Study Uncovers Hotspots of Arsenic in Drinking Water
Odds of exceeding maximum contaminant levels were significantly greater for water systems in the Southwest and serving Hispanic communities
A new national study of public water systems finds that arsenic levels are not uniform across the U.S., even after the implementation of the latest national regulatory standard. In the first study to assess differences in public drinking water arsenic exposures by geographic subgroups, Columbia University Mailman School of Public Health researchers uncover inequalities in drinking-water arsenic exposure across certain sociodemographic subgroups and over time. Community water systems reliant on groundwater, serving smaller populations located in the Southwest, and Hispanic communities were more likely to continue exceeding the national maximum containment level, raising environmental justice concerns. Findings appear in the journal Environmental Health Perspectives.
“This research has important implications for public health efforts aimed at reducing arsenic exposure levels, and for advancing environmental justice,” says Anne Nigra, PhD, postdoctoral research fellow in environmental health sciences, and first author. “Systematic studies of inequalities in public drinking water exposures have been lacking until now. These findings identify communities in immediate need of additional protective public health measures.”
“Our objective was to identify subgroups whose public water arsenic concentrations remained above 10 µg/L after the new maximum arsenic contaminant levels were implemented and, therefore, at disproportionate risk of arsenic-related adverse health outcomes such as cardiovascular disease, related cancers, and adverse birth outcomes,” says Ana Navas-Acien, PhD, professor of environmental health sciences, and senior author.
Arsenic is a highly toxic human carcinogen and water contaminant present in many aquifers in the United States. Earlier research by the Columbia researchers showed that reducing the maximum contaminant level (MCL) from 50 to 10 µg/L prevented an estimated 200-900 cancer cases per year.
The researchers compared community water system arsenic concentrations during 2006-2008 and 2009-2011—the initial monitoring period for compliance with EPA’s 10 µg/L arsenic MCL. They estimated three-year average arsenic concentrations for 36,406 local water systems and 2,740 counties and compared differences in means and quantiles of water arsenic between both three-year periods for U.S. regions and sociodemographic subgroups.
Analyses were based on data from two of the largest EPA databases of public water available. Using arsenic monitoring data from the Third Six Year Review period (2006-2011), the researchers studied approximately 13 million analytical records from 139,000 public water systems serving 290 million people annually. Included were data from 46 states, Washington D.C., the Navajo Nation, and American Indian tribes, representing 95 percent of all public water systems and 92 percent of the total population served by public water systems nationally.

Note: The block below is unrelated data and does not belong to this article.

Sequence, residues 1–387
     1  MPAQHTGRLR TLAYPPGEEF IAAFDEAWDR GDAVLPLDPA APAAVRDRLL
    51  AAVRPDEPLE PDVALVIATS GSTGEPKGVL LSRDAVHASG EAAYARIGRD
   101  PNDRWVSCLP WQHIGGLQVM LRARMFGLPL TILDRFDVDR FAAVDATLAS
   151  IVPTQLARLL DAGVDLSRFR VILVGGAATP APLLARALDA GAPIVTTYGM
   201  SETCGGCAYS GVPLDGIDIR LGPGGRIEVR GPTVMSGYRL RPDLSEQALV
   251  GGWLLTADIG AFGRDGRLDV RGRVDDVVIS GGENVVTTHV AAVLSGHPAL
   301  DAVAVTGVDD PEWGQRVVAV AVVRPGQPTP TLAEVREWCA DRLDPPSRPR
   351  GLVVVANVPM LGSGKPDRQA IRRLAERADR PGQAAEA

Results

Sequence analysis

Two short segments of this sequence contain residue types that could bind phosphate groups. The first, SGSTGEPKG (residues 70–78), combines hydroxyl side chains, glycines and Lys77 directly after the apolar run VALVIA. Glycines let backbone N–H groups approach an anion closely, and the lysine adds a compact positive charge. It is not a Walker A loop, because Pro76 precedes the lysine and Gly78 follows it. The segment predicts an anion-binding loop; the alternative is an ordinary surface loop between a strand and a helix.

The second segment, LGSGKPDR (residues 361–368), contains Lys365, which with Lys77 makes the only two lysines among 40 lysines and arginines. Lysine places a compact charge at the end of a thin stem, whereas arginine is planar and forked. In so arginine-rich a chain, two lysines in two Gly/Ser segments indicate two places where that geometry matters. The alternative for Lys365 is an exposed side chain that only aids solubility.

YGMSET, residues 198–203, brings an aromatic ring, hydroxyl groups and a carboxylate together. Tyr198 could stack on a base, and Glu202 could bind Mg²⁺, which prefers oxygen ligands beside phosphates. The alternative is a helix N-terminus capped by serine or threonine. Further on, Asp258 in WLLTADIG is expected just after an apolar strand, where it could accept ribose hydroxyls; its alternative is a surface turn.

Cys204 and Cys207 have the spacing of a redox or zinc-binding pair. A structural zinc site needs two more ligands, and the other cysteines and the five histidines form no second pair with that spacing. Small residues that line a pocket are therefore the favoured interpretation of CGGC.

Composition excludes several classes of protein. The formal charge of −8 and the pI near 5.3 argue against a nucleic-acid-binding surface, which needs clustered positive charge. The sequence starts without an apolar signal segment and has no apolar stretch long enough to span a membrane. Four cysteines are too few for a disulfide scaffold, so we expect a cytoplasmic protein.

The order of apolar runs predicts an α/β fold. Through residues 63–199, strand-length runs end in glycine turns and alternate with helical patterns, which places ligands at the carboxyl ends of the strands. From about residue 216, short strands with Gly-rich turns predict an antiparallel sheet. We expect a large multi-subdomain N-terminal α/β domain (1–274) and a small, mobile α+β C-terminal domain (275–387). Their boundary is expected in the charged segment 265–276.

For 2006-2008 to 2009-2011, the average community water system arsenic concentrations declined by 10 percent nationwide, by 11.4 percent for the Southwest, and by 37 percent for New England, respectively. Despite the decline in arsenic concentrations, public drinking water arsenic concentrations remained higher for several sociodemographic subgroups—Hispanic communities, the Southwestern U.S, the Pacific Northwest, and the Central Midwest, in particular. Likewise, communities with smaller populations and reliant on groundwater were more likely to have high arsenic levels.
The percent of community water systems with average arsenic concentrations above the 10 µg/L MCL was 2.3 percent in 2009-2011 vs. 3.2 percent in 2006-2008. Community water systems that were not compliant with the arsenic MCL were more likely in the Southwest (61 percent), served by groundwater (95 percent), serving smaller populations (an average of 1,102 persons), and serving Hispanic communities (38 percent).
Nigra and Navas-Acien say that estimating public drinking water arsenic exposure for sociodemographic and geographic subgroups is critical for evaluating whether inequalities in arsenic exposure and compliance with the maximum contaminant levels persist across the U.S, to inform future national- and state-level arsenic regulatory efforts, and to investigate whether inequalities in exposure by subgroup contribute to disparities in arsenic-related disease. “Our findings will help address environmental justice concerns and inform public health interventions and regulatory action needed to eliminate exposure inequalities,” they write.
“We urge continued state and federal funding for infrastructure and technical assistance support for small public water systems in order to reduce inequalities and further protect numerous communities in the U.S. affected by elevated drinking water arsenic exposure,” says Nigra.
Co-authors are Qixuan Chen and Pam Factor-Litvak, Columbia Mailman School; Steven Chillrud and Brian Mailloux, Columbia University; Lili Wang, U.S. Environmental Protection Agency; and David Harvey, U.S. Public Health Service.
The study was supported by grants from the National Institute of Environmental Health Sciences (ES010349, ES009089, ES028758, ES029668).